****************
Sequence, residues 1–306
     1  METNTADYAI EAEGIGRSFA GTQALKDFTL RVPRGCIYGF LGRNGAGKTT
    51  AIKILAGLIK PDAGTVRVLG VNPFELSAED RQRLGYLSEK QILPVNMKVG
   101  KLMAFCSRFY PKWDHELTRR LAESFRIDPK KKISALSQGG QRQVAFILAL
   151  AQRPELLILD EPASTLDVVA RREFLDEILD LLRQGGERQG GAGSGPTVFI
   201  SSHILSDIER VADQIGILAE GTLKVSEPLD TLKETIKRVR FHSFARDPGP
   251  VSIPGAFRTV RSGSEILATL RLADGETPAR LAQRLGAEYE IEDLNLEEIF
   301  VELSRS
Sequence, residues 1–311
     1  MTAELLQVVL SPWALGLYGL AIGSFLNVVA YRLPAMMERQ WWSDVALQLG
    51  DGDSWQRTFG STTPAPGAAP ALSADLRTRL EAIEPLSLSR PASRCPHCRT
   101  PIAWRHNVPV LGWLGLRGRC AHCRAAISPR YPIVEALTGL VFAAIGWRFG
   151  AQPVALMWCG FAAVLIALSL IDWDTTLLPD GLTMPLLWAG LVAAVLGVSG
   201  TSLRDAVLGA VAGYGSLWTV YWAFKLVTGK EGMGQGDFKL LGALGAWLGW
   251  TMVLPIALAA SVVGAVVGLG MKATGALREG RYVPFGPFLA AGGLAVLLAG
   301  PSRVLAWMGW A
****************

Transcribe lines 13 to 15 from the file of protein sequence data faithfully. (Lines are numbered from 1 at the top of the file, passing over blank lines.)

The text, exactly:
   151  AQPVALMWCG FAAVLIALSL IDWDTTLLPD GLTMPLLWAG LVAAVLGVSG
   201  TSLRDAVLGA VAGYGSLWTV YWAFKLVTGK EGMGQGDFKL LGALGAWLGW
   251  TMVLPIALAA SVVGAVVGLG MKATGALREG RYVPFGPFLA AGGLAVLLAG